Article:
pvals <- result$pvalues ppvals <- result$potential_pvalues ppvals_sub <- ppvals[names(pvals)] # subset potential p-values plot(-log10(ppvals[order(ppvals)]), ylab="-log10 p-value", col="blue", type="l", xaxt="n", xlab="variants", ylim=c(0,8)) xlabel <- sapply(names(ppvals)[order(ppvals)], function(str) substr(str, nchar(str), nchar(str))) axis(1, at=1:length(ppvals), labels=xlabel) points(-log10(pvals[order(ppvals_sub)]), pch=20, cex=1.3) bcut <- 0.05/(1:20) lines(1:20,-log10(bcut),col="red",type="b",pch=20)

When the minor allele frequency (MAF) is known in the population, then an
exact sharing probability can be calculated using the *alleleFreq* parameter.
Here we analyze the sensitivity of our p-values to the population MAF, using
the 3 most significant variants. Note that variants which don't reach their
potential p-values, indicating some families only have partial sharing, are
much more sensitive to the MAF.

# calculate p-values for each MAF freq <- seq(0,0.05,0.005) variants <- names(sort(result$pvalues))[1:3] pvals <- matrix(nrow=length(freq), ncol=length(variants)) pvals[1,] = sort(result$pvalues)[1:3] for (i in 2:length(freq)) { sharingProbs <- suppressMessages(RVsharing(fams, alleleFreq=freq[i])) pvals[i,] <- multipleVariantPValue(sample$genotypes[,variants], sample$fam, sharingProbs)$pvalues } colnames(pvals) <- variants # plot p-values as a function of MAF plot(NULL, xlim=c(min(freq),max(freq)), ylim=c(0,max(pvals)), type='l', xlab="minor allele frequency", ylab="p-value", main="sensitivity of p-value to allele frequency in three variants") lines(freq, pvals[,1], col="black") lines(freq, pvals[,2], col="red") lines(freq, pvals[,3], col="blue") legend(min(freq), max(pvals), legend=colnames(pvals), col=c("black", "red", "blue"), lty=1)

When founders of the pedigree are related, the computation is more tricky.
*RVS* allows the user to apply a correction for this fact in two different ways.
The first way, illustrated below, is a method from @METHODS that
uses the mean kinship coefficient among founders to apply a correction. For more
details on this calculation see
here.
The same correction as well as corrections involving any prespecified
relationships among founders can be implemented using a Monte Carlo simulation
outlined here.

# calculate p-values for each kinship coefficient kin_coef <- seq(0, 0.05, length=6) variants <- names(sort(result$pvalues))[1:3] pvals <- matrix(nrow=length(kin_coef), ncol=length(variants)) pvals[1,] = sort(result$pvalues)[1:3] for (i in 2:length(kin_coef)) { sharingProbs <- suppressMessages(RVsharing(fams, kinshipCoeff=kin_coef[i])) pvals[i,] <- multipleVariantPValue(sample$genotypes[,variants], sample$fam, sharingProbs)$pvalues } colnames(pvals) <- variants # plot p-values as a function of kinship plot(NULL, xlim=c(min(kin_coef), max(kin_coef)), ylim=c(0,max(pvals)), type='l', xlab="kinship coefficient", ylab="p-value", main="sensitivity of p-value to kinship in three variants") lines(kin_coef, pvals[,1], col="black") lines(kin_coef, pvals[,2], col="red") lines(kin_coef, pvals[,3], col="blue") legend(min(kin_coef), max(pvals), legend=colnames(pvals), col=c("black", "red", "blue"), lty=1)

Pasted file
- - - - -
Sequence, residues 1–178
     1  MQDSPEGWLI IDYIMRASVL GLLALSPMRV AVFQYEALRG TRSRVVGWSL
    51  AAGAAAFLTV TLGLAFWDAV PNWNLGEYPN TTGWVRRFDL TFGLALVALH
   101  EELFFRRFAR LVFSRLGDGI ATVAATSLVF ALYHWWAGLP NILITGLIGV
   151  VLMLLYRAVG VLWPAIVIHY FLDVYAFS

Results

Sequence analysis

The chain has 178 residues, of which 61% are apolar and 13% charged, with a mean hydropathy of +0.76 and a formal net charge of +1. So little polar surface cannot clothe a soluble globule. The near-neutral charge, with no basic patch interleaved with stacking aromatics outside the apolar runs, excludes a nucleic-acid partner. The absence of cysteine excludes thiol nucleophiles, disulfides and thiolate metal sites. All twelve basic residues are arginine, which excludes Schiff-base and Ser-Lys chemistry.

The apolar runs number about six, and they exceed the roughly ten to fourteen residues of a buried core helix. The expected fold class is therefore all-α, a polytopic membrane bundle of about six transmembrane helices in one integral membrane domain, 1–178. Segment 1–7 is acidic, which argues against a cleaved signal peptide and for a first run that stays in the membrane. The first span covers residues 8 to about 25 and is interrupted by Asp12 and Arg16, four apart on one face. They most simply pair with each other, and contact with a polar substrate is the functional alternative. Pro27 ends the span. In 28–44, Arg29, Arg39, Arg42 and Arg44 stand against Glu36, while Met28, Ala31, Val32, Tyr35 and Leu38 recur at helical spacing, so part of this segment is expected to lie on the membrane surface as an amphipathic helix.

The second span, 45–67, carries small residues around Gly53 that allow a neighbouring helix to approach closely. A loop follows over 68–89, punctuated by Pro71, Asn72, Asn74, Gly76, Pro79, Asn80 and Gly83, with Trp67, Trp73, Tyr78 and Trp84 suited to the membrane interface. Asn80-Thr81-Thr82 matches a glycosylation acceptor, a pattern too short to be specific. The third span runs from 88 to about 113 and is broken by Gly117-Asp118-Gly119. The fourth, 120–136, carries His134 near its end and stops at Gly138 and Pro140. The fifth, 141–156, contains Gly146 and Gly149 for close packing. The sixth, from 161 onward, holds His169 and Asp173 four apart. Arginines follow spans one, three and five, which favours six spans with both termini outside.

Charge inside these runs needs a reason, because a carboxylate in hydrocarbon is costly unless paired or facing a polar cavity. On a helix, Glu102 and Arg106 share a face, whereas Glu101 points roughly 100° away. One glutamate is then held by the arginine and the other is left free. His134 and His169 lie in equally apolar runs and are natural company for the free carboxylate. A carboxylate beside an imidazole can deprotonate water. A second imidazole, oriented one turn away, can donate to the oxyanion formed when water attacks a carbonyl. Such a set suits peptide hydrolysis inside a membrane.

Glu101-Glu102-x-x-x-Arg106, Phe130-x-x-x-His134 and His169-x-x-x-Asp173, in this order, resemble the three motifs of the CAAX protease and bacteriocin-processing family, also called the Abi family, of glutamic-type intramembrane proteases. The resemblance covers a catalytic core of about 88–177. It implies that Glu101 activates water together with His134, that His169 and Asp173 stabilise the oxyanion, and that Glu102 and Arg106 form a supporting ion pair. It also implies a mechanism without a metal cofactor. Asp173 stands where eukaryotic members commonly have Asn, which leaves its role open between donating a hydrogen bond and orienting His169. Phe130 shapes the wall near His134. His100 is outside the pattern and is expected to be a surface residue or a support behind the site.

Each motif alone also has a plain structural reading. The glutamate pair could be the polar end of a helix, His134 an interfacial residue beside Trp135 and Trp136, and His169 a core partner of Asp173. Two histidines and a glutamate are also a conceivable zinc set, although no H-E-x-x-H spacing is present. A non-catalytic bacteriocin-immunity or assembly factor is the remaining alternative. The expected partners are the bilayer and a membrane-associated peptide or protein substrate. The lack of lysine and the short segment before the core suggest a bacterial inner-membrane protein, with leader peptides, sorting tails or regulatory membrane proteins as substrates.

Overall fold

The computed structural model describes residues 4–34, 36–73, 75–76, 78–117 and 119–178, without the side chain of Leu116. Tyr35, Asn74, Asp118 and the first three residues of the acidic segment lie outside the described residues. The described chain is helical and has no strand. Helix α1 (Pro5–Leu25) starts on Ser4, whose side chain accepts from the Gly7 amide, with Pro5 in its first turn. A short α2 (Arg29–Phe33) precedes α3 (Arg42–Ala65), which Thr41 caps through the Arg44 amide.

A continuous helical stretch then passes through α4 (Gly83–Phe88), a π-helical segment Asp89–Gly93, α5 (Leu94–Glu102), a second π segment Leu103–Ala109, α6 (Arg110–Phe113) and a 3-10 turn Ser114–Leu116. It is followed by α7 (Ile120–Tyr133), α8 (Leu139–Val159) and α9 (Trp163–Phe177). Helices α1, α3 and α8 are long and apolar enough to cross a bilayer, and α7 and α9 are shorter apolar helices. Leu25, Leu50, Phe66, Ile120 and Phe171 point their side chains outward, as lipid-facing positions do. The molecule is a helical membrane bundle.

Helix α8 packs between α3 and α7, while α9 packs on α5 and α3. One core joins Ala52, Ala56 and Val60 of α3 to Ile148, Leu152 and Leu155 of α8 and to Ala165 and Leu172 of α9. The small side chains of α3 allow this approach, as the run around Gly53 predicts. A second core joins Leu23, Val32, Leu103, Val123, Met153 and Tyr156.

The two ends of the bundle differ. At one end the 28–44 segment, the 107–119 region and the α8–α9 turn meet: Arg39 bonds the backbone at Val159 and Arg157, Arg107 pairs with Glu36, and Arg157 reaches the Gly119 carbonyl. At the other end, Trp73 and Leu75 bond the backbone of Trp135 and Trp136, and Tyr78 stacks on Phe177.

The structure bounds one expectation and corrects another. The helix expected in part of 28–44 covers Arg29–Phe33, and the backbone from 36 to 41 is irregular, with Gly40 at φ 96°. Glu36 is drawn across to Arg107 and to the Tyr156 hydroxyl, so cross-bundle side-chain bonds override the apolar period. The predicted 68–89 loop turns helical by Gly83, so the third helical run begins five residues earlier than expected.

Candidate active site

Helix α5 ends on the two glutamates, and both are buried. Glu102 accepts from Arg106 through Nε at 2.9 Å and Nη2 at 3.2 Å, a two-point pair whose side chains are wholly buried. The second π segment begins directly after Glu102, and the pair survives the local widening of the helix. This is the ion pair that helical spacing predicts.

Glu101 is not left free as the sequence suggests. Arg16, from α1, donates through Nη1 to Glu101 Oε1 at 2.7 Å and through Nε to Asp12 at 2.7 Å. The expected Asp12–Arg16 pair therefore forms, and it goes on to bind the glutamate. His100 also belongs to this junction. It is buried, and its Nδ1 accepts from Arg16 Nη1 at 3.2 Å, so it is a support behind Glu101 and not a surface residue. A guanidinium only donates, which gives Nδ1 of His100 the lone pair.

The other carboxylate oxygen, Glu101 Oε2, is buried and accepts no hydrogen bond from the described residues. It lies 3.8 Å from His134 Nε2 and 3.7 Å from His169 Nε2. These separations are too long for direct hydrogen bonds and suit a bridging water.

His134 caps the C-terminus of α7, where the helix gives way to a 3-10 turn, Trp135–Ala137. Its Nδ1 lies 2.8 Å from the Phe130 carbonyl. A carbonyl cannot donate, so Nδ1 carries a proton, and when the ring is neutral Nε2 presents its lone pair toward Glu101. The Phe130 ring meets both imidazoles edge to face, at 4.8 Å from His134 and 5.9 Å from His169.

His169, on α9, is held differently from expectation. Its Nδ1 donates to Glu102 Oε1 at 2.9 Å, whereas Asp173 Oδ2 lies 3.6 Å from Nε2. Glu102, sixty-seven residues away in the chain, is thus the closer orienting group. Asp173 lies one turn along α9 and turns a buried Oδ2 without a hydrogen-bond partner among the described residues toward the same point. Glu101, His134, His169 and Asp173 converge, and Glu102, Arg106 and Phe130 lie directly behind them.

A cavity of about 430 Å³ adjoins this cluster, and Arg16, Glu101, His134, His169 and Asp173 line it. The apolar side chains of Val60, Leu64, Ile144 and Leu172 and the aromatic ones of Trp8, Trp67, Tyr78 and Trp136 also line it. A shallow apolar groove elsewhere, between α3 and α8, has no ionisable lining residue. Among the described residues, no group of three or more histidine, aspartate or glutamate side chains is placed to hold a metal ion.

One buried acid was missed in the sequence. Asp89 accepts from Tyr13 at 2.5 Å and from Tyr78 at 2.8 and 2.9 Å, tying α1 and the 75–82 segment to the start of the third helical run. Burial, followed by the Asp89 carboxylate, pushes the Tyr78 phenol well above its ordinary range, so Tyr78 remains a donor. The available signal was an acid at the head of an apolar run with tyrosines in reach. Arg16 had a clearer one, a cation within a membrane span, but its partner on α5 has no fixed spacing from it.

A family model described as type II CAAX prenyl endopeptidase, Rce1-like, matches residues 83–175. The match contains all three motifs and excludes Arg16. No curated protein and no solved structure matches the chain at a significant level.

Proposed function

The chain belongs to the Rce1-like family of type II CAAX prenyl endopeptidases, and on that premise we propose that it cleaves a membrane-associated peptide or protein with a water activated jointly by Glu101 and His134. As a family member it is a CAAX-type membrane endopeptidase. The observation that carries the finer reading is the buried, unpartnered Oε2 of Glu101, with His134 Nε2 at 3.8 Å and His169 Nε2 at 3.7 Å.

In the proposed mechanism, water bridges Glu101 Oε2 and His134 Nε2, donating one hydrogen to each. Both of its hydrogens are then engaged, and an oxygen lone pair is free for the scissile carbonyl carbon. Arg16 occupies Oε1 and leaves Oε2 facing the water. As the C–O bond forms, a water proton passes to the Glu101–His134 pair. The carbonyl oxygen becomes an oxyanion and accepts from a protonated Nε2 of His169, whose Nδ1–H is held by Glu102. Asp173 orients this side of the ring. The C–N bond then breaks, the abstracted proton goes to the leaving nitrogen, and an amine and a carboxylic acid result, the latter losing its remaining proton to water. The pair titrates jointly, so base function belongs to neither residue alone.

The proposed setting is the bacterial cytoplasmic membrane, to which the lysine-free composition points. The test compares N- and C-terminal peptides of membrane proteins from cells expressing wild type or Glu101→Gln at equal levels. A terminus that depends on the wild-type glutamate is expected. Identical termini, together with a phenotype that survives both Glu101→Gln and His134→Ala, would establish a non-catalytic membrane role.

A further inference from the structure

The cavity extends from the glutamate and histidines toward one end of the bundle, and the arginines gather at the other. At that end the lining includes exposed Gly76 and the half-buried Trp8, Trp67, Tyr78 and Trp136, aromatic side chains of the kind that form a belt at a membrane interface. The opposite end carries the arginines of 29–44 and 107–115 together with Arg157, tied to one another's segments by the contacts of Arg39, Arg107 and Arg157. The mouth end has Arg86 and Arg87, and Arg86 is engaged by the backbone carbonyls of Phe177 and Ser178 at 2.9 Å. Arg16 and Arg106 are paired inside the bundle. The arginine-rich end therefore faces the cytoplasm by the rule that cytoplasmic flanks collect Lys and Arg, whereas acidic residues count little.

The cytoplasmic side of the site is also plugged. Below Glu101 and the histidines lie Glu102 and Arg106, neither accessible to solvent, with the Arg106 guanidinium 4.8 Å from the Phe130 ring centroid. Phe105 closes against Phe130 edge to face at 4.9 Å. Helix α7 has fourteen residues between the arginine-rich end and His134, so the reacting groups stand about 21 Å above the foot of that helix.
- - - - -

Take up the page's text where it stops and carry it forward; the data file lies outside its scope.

The power of single variant analyses is limited due to the small number of families where a rare variant is seen (often a single family). Even if no individual variant has a significant p-value, it is possible for multiple variants considered across multiple families to exhibit an unusual amount of sharing. The procedure to test multiple rare variants depends whether the variants are far apart or close together in a short genomic region, spanning a single gene for instance.

The *enrichmentPValue* function can compute a single p-value for all
variants seen in all families assuming the variants are independent. This assumption is reasonable when variants are sufficiently far apart to be unlinked, such as rare deletions scattered over the whole genome as analyzed by @COPY_NUMBER. The computation is implemented using a binary tree algorithm described by @COPY_NUMBER. When calculating this p-value, note that a very
small p-value may result in a very long computation time. Because of this, we
can pass a minimum p-value threshold, where the greater of this threshold and
the actual p-value will be returned.

enrichmentPValue(sample$genotypes, sample$fam, sharingProbs, 0.001)

Joint analysis of rare variants within a gene (typically single nucleotide variants and short indels, possibly filtered based on functional annotations) is another approach to increase statistical power. Here the assumption of independence of rare variants does not hold when variants are seen in the same family, and the solution described by @UPDATE and implemented in the *RVgene* function is to keep the variant with the sharing pattern having the lowest probability (usually the variant shared by the largest number of affected relatives in the family). The gene-based analysis with the *RVgene* function is illustrated in section 4.2 along with another new feature: the partial sharing test.

Phenocopies, diagnosis error and intra-familial genetic heterogeneity in complex disorders result in disease susceptibility variants being shared by a subset of affected subjects. In order to detect such causal variants, a partial sharing test was defined by @UPDATE where the p-value is the probability of sharing events as or more extreme as the observed event. A more extreme sharing event is defined as having lower probability and involving more carriers of the variant.

In order to perfore the partial sharing test, the *RVgene* function requires the lists *pattern.prob.list* of vectors of sharing probabilities and *N.list* of number of carriers for all possible affected carrier subsets in each family in the sample being analyzed. The arguments of the *RVsharing* function allowing the computation of sharing probabilities by a subset of affected subjects are described here. The elements of both of these lists must have the same names as the pedigree objects in the *ped.listfams* argument. When all affected subjecs in a family are final descendants, the sharing probabilities and number of carriers for all subsets can be generated automatically. Here is an exanple with three second cousins: